Oh my! MIL... (very long) - Mothering Forums

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#1 of 8 Old 04-20-2006, 11:04 PM - Thread Starter
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I'm all getting nervous here. I *love* my MIL. She rocks. She was never very AP with my DH, but she's open-minded and wonderful. She's helped assemble our diaper stash, she is cool with homebirth, she's super-supportive of nursing (but is kinda' clueless--as in: "go ahead and take the formula samples, you might need them like I did" um, no.), and she's probably hosting our homebirth at her house and in her hot tub (although DH did have to agree to power-wash it after...).

She wants to be involved in the birth and I want her to be involved. She came to a prenatal with me a couple months back to meet the midwives. She was a bit blown away just by the nature of my midwife prenantals and didn't really process the birth part until this week. I suggested books for her to read (Ina May's books, Birthing from Within), even gave her one (Thinking Woman's Guide). Some stuff so she would understand our mental process and why we're doing this, some stuff about the safety and superiority of non-interventive birth.

We had our home visit a couple of days ago. Both midwives, an apprentice, DH, Me, and MIL. Hammered down a few things, talked about labor preferences, all sorts of late-term details.

MIL got a bit freaked out. She's been processing her own birth experiences quite a lot and is having a hard time reconciling with that (she had a mostly natural labor with her first--a stillbirth at 20 weeks, and induction/emergency c-section at term with DH bc her water had broken 12 hours or so previously). She is worried that she won't know what is "normal" in a homebirth, and she's worried that, in her words: "I'll do the wrong thing and you'll hate me because I don't know what I'm doing."

I tried reassuring her, but now I'm wondering if she might be right. Well, no, I won't hate her, but I might get annoyed at her.

She went out looking for books, didn't find the ones I'd recommended and instead picked up a couple of "method" books--the kind we're deliberately eschewing (didn't get the precise titles--from her description it seems like one is almost hypnobirthy, one is kinda yoga-y/breathing exercise type thing, etc.). Now we're leaving tomorrow morning to spend the weekend at the family cottage with her and hse wants to spend some time "practicing" with us.

I know she's most comfortable when she's in control--a tad OCD there, something she realizes but is not fabulous at controlling--but I do not want to be coached in how to breathe/sit/stand/think! I really want her there for the mutual emotional support of me, her and DH, but can't seem to convince her that that is a valid capacity and she really needs to just show up ready to listen to what I or the midwives tell her is needed.

It doesn't help that when I'm tired or upset I can get pretty snarky and downright b*tchy. Heck, we're all strong, somewhat weird people who all have our own issues and manage to get along pretty well in spite of it, but I'm worried her trying to coach me, or me getting too snarky with her in the middle of labor and really upsetting her.

It's *very* important to me that she be there, but I just don't know how to convince her to just *relax* and learn about the process without trying to run it or take it over or coach me in it (keep in mind she is an HR exec who runs a life-coaching business on the side). Letting go and just relaxing and not trying to run things is very foreign to her.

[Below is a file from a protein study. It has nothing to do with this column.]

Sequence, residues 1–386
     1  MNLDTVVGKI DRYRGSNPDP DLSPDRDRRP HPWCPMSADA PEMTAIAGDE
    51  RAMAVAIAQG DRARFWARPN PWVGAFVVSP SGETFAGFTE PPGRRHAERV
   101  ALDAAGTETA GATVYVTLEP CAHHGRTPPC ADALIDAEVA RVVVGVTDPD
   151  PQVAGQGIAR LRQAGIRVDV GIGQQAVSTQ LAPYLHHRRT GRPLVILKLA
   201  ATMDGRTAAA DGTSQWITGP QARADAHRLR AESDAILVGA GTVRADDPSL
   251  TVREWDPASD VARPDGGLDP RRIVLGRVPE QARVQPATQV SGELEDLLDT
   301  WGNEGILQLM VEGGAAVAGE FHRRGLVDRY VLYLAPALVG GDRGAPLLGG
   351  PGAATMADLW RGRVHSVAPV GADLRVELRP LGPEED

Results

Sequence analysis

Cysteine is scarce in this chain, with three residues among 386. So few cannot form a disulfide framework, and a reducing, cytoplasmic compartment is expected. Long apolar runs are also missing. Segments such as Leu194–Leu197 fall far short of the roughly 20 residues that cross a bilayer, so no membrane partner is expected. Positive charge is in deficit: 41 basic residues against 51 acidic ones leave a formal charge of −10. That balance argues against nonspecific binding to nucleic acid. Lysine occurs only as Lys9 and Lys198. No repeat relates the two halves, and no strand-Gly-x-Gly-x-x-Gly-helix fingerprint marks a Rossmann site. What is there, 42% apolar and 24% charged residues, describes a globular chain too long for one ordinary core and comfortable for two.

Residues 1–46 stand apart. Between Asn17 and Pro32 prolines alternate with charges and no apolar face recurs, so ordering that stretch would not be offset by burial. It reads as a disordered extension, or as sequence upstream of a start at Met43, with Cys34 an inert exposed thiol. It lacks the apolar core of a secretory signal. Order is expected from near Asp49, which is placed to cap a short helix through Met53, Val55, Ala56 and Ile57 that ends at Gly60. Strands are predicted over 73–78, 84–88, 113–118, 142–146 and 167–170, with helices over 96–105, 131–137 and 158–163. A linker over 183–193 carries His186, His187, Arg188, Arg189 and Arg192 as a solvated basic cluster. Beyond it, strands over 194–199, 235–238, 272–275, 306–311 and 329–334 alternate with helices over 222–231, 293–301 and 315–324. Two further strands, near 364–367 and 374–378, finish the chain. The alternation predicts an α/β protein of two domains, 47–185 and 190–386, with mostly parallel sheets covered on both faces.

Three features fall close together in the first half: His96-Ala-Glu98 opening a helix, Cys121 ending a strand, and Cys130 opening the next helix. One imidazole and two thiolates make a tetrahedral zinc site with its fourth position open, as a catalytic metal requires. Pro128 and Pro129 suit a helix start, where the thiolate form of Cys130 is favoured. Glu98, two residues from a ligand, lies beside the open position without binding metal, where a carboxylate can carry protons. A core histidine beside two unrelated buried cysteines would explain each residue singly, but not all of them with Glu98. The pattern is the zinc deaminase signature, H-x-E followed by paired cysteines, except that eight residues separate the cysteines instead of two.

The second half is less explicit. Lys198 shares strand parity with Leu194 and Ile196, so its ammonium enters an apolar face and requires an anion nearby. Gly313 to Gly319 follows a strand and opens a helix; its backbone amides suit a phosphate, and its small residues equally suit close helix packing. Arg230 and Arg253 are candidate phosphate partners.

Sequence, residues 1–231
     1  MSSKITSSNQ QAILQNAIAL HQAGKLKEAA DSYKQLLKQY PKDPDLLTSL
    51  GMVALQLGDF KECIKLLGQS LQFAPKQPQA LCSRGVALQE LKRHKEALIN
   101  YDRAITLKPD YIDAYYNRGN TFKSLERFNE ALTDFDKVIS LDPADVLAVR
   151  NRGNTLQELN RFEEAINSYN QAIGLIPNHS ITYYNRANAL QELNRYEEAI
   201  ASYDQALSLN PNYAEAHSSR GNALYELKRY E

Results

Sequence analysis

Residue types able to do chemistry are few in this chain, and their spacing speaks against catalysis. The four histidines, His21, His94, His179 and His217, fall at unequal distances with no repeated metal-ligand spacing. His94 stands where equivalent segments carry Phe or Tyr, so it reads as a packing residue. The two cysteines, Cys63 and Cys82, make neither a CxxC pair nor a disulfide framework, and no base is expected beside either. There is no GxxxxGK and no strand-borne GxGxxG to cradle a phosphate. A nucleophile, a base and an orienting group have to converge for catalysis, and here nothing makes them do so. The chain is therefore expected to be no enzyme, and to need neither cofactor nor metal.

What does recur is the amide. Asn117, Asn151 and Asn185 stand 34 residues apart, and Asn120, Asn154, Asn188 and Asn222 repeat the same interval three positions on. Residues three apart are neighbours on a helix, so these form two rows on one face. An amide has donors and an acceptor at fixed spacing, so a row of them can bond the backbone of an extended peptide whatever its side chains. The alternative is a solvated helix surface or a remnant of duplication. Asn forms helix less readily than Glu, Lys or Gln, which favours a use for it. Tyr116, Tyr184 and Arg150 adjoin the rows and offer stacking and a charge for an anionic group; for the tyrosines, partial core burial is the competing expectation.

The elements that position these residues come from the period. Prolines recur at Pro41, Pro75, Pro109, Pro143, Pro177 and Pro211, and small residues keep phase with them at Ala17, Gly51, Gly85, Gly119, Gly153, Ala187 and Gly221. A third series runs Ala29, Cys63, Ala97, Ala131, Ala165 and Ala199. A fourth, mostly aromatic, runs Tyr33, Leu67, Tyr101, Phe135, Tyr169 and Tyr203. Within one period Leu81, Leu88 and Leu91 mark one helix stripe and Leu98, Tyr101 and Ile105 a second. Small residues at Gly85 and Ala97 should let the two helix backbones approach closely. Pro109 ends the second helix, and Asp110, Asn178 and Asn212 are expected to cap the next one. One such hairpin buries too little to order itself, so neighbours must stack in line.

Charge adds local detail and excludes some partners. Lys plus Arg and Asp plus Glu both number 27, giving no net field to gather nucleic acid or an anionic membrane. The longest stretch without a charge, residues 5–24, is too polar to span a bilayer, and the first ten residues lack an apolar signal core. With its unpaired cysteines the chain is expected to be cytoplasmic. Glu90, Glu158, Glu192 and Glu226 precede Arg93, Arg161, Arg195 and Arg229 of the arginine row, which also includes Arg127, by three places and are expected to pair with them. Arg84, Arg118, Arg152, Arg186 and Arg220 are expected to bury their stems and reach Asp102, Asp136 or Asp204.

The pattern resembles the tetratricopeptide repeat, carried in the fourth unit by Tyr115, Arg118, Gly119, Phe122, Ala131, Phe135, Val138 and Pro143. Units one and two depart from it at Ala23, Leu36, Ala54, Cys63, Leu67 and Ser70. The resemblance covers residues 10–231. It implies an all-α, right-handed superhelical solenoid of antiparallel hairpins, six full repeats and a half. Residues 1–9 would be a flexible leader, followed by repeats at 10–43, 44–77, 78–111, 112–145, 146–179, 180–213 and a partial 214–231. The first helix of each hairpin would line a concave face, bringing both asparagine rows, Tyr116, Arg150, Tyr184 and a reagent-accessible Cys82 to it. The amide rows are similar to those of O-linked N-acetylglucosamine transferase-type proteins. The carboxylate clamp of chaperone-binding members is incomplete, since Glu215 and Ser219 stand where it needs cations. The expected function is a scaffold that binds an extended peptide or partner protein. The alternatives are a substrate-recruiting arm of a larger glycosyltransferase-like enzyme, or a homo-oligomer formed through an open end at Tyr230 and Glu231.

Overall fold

So I dunno. Don't even know what I'm looking for in this incredibly long post. If anyone has the perfect book that is easily obtainable, or a suggestion for how to give her a more specific structured role that might increase her comfort level, or anything really, I'm open to ideas. (This might be a good solution--to give her a specific job. It's hard though bc we don't even know where the birth will be. Weather allowign, it'll be at her house, possibly outdoors. In case of cold or rain, it will be at our house. All the logistical stuff is so last minute that we can't really assign jobs in advance. I don't want her to do food prep; I'm always picky and DH knows exactly how I like things; he has also decided that will be his job, since he's not 100% comfortable with being labor support.

Awright, end of novel. If anyone has any ideas...
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#2 of 8 Old 04-20-2006, 11:17 PM
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No grand ideas, just a big old . I'd say just be as straight forward as possible with her about what you will need from her emotionally and such. She really wants to be there and you really want her there. Maybe she'll have time to process this info and be able to support you w/o her own stuff getting in the way.

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#3 of 8 Old 04-20-2006, 11:18 PM
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Just lots of hugs! I have not idea how to help~ Maybe you can find the Ina May book for her~ That is really good about realizing that everyone is different hands off is most of the time the way to be~ It might help with the control issues~

Best of luck!
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#4 of 8 Old 04-21-2006, 12:03 AM
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Gosh that's tricky. I would not want to birth around a person like that but it sounds like it's important to you. It sounds almost like she is trying to appropriate the experience from you to deal with her own stuff - not appropriate to bring her own baggage and agendas to your birth.

Maybe first try a chat: "I want absolutely no coaching or advice while I am in labour unless I specifically ask for it. Can you commit to that?" and "I might want privacy at certain points - I don't know what to expect so I'm hoping that you can be totally flexible in your role".